As life becomes more complex and conscious, it becomes more integrally whole. What accounts for evolution toward greater wholeness? Pierre Teilhard de Chardin identified an energy of centration, whereby elements unite and complexify into greater wholeness, and called this “love-energy.”

We are accustomed to thinking about love as a human sentiment or emotion, but Teilhard saw love as a passionate force at the heart of the Big Bang universe: the fire that breathes life into matter and unifies elements, center to center. “Love,” he wrote, “is the physical structure of the universe.” [3] It draws together and unites and, in uniting, it differentiates. Love is intrinsically relational, the affinity of being-with-being in a personal, centered way; a unity toward greater wholeness of being that marks all cosmic life. If there was no internal propensity to unite, even at a rudimentary level—indeed, in the molecule itself—Teilhard said, it would be physically impossible for love to appear higher up, in the human form. Love is the core of evolution.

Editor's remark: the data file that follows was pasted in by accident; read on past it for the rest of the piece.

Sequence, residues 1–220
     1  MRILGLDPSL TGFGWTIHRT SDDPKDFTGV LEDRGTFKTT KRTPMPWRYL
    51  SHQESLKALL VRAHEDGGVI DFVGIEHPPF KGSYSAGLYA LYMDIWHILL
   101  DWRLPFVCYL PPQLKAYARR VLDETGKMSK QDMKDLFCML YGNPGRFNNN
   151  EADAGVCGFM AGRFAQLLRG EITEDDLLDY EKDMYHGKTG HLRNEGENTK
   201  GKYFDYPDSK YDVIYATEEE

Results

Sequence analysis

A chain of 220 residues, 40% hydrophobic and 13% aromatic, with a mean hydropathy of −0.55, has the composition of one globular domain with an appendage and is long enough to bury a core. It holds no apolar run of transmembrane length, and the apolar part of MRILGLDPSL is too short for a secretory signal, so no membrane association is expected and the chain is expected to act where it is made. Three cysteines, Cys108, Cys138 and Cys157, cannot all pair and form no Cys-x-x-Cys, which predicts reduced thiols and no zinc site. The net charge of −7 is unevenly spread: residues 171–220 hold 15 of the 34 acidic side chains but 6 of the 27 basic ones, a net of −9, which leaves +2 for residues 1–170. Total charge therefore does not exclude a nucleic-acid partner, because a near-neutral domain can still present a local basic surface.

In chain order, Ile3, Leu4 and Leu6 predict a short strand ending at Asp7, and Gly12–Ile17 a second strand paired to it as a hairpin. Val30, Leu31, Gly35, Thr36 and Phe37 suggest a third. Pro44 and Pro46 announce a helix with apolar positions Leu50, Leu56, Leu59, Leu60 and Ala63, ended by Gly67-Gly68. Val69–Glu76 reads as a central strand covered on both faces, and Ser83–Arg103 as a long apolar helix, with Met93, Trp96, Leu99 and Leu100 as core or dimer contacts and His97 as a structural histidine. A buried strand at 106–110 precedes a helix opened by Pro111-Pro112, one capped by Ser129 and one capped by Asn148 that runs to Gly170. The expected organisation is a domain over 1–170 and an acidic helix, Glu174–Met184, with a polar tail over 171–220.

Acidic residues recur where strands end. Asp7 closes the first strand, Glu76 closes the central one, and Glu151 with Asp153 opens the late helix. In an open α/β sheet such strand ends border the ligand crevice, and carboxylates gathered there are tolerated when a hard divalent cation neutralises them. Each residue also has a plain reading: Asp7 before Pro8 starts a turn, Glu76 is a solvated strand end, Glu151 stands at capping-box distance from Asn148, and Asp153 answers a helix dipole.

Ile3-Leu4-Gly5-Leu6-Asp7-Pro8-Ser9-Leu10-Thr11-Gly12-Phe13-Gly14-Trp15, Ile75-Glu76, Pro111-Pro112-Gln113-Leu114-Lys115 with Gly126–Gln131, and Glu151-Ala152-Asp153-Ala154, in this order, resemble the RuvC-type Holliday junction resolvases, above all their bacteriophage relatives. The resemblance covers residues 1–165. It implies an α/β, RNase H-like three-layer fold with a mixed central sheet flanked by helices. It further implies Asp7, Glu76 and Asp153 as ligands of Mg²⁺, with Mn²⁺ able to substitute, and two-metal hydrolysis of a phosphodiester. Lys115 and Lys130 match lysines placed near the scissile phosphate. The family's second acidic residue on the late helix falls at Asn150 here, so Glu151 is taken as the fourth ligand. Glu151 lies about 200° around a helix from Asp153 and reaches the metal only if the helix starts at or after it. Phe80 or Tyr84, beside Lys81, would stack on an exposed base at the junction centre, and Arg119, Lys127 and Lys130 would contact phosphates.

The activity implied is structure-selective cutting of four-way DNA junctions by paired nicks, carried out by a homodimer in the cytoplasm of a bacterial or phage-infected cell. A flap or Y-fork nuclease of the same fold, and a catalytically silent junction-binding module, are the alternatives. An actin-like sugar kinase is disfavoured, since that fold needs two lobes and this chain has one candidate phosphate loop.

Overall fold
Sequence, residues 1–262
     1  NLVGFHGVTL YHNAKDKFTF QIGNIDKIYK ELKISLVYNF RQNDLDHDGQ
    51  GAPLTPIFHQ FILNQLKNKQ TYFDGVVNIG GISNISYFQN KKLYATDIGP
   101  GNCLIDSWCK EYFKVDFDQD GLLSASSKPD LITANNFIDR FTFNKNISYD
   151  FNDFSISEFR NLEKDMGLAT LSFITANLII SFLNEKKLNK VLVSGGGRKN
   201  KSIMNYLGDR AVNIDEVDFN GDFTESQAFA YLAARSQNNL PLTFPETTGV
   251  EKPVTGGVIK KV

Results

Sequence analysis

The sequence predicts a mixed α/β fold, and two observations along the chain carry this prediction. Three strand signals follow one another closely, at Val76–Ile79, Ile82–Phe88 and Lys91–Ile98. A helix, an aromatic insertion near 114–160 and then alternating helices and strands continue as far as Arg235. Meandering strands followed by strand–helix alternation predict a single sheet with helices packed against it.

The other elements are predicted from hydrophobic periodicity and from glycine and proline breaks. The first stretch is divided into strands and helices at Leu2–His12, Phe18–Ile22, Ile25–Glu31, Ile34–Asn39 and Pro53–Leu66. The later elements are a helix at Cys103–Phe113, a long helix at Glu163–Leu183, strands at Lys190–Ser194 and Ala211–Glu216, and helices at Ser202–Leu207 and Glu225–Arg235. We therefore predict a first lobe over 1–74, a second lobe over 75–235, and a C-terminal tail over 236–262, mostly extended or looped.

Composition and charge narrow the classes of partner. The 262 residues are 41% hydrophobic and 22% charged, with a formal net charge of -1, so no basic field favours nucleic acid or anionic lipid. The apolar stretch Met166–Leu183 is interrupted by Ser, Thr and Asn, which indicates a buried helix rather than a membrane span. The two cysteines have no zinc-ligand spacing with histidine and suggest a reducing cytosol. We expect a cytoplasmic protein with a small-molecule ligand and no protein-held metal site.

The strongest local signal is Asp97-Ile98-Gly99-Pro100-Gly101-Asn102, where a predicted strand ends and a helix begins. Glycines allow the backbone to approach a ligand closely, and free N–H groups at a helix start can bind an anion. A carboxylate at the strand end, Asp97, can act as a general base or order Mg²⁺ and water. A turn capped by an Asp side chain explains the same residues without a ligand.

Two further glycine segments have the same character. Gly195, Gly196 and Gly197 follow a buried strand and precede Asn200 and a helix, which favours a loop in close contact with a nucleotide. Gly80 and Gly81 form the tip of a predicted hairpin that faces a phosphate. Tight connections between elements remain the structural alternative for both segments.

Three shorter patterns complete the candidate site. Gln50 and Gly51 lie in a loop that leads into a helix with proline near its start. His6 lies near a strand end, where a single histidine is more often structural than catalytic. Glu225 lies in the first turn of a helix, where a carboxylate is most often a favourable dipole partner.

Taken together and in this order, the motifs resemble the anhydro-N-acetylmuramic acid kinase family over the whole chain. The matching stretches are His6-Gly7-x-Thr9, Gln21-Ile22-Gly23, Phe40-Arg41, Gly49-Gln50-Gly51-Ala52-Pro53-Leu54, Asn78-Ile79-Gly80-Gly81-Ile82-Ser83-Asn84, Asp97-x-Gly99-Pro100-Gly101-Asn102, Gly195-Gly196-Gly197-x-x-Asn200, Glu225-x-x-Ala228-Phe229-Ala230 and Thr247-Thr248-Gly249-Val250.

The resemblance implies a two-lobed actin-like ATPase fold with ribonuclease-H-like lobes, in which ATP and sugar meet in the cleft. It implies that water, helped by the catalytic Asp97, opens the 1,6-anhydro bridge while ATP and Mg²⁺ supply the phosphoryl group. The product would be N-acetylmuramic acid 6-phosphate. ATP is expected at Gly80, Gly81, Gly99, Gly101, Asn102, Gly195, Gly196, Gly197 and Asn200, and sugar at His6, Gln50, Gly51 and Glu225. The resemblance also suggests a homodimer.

Gateway to Silence:
We live, move, and have our being in love.

References:
[1] David Bohm, Wholeness and the Implicate Order (New York: Routledge, 1995), 1-2.
[2] Stephen L. Talbott, “The Unbearable Wholeness of Beings,” The New Atlantis, http://www.thenewatlantis.com/publications/the-unbearable-wholeness-of-beings.
[3] Pierre Teilhard de Chardin, Human Energy, trans. J. M. Cohen (New York: Harcourt Brace Jovanovich, 1969), 72.

Ilia Delio, “Love at the Heart of the Universe,” “The Perennial Tradition,” Oneing, vol. 1, no. 1 (Center for Action and Contemplation: 2013), 19, 20-21. No longer in print. Emphasis mine. See the Omega Center for more on Ilia Delio, omegacenter.info/ilia-delio.

Image credit: The Starry Night (detail), Vincent van Gogh, Saint Rémy, June 1889. Museum of Modern Art, New York, New York.